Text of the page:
Mouth: It starts out very mild and the dark fruits with overripe plums and soaked raisins are first to come through. It’s got a very sweet character with vanilla, honey and brown sugar as well. All the flavours are up front and and the back only deals with a drop of lemon, a fresh oakiness and a hint of sulfur. It just stays the same and never really changes at this point except for a small spicyness in the back.

Finish: The spicyness in the back increases in intensity and becomes a mild chili note. Rest of the flavours just suddenly disappears and leaves a big hole where they used to be. There’s a small coating of the Oloroso sherry left around the edges and there’s still some lemon in the back together with a savory note. The oakiness returns and it’s a standard oakiness which leaves no lastning impression. This is a good whisky but it’s a bit unbalanced and engineered. It’s way too mild and top heavy but as a background dram or for a beginner this will work very nice.

Additional information
This whisky was aged in a mix of ex-bourbon barrels and ex-Oloroso sherry casks. (It’s available in the U.S. with 43 %)

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Tullibardine 500 – Sherry Finish

ABV: 43 %
Origin: Highlands
Type: Single Malt
Bottles in collection: 0
Emptied bottles: 0
Impression: 4/5

Tasting notes
Nose: This is sweet and fruity. At first there’s a sweet layer of vanilla, honey and coconut sitting on top of a mix of dried fruits and berries. It’s a mix of raisins, apricot and orange marmelade. On top there are spices floating around. It’s leaning towards baking spices but doesn’t reveal any specific kind. It becomes sweeter in the glass over time and it’s a sticky sweetness which becomes a bit overwhelming and makes the whole thing a bit unbalanced. This is a nice nose. It’s not complex nor especially interesting but it does its job competently.

Mouth: It starts out with a mild, very sweet mix of honey, vanilla, oak, coconut and sticky sweet red berries. Underneath there are notes of tobacco, coffee and just a hint of sulfur. It’s quite rich and delivers quite a nice palate. It’s a bit too sweet but it makes up for it with some nice background flavours which balances the whole thing out. There’s still notes of apricots and oranges but they are hiding behind everything else. It’s mild but not boring, with a small, yet pleasant, black pepper note on the edges of the palate.

Finish: It starts out with an increase of the sherry notes and now they come through as a bit darker than before with raisins, figs, coffee and tobacco. The black pepper spicyness sort of glides through the transition without increasing. It’s still mild yet decently rich and the sweetness keeps on delivering the same notes. It takes a surprisingly long time for it to fade and when it does, there’s still the oak impact left. It’s a nice enough oakiness with a fresh woodshop character and the coconut returns in the late finish. This is a really good whisky and hits over its paygrade. It’s a bit too sweet to be really balanced but it still delivers a nice array of flavours.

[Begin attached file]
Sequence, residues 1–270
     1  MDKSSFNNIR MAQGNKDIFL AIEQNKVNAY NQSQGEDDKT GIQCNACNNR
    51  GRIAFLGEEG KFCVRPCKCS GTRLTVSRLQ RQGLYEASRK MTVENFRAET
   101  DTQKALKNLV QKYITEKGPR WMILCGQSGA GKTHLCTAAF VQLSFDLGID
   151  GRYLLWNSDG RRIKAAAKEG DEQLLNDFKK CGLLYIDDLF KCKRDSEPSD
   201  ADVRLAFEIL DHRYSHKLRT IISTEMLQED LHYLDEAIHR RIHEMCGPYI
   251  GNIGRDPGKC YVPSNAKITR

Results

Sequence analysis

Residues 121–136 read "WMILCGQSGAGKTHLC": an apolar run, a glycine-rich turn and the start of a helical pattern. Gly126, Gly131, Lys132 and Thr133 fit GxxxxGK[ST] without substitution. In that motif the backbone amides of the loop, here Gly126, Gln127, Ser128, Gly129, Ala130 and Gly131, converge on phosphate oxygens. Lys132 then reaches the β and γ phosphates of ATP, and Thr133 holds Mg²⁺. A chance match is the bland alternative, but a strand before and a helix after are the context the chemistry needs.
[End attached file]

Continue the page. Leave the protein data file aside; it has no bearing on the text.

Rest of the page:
Additional information
This whisky was released in 2013. It’s aged in ex-bourbon barrels for an undisclosed amount of time and then finished for 12 months in 500-litre ex-sherry casks.

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Glenmorangie 12 YO – The Quinta Ruban Port Cask Finish

ABV: 46 %
Origin: Highlands
Type: Single Malt
Bottles in collection: 0
Emptied bottles: 0
Impression: 4/5

Tasting notes
Nose: This is sweet and fruity. At first there’s sweet layer of honey and malt mixed with black and red berries sitting on top of a fresh lemon sourness. The whole feels very cohesive and there are no sharp edges at all. There are som mild baking spices present as well as a more ripe raisiny fruitiness. With time in the glass vanilla starts to get noticed. The main focus lies on the berries and lemon though. This is a very nice nose. It’s not complex but it delivers everything in a very pleasant way.

Mouth: It starts out with a mild dark raisin and coffee note before the sweetness comes creeping up around the edges. After a second or two the sour lemon note starts to take over the background. It creates a nice contrast between the sweet, sour and bitter notes. It’s not as fruity as on the nose and it takes a while for the whole to reach its potential. It’s slightly dusty and the fresh berries do arrive for those who decides to wait. The fruitiness shifts towards liqeuer-soaked cherries after a while as well.

Finish: The dark raisin note shows up in the middle while the coffee bitterness now move to the back of the palate where it meets up with the lemon. All along the sides there’s a nice nutty oak increasing in intensity as well as a honey sweetness. It becomes slightly astringent. The oakiness brings hazelnuts and vanilla to the finish. The cross-section between the oak and the lemon produces a touch of tropical fruits with mango and pineapple. There’s a mild spicyness following along the finish but it never interferes with the rest of the flavours.

Additional information
This is one out of three expressions in the Glenmorangie ”extra matured” series. It’s aged 10 years in ex-bourbon casks and finished for 2 years in ruby port pipes. It’s now replaced by a 14 YO.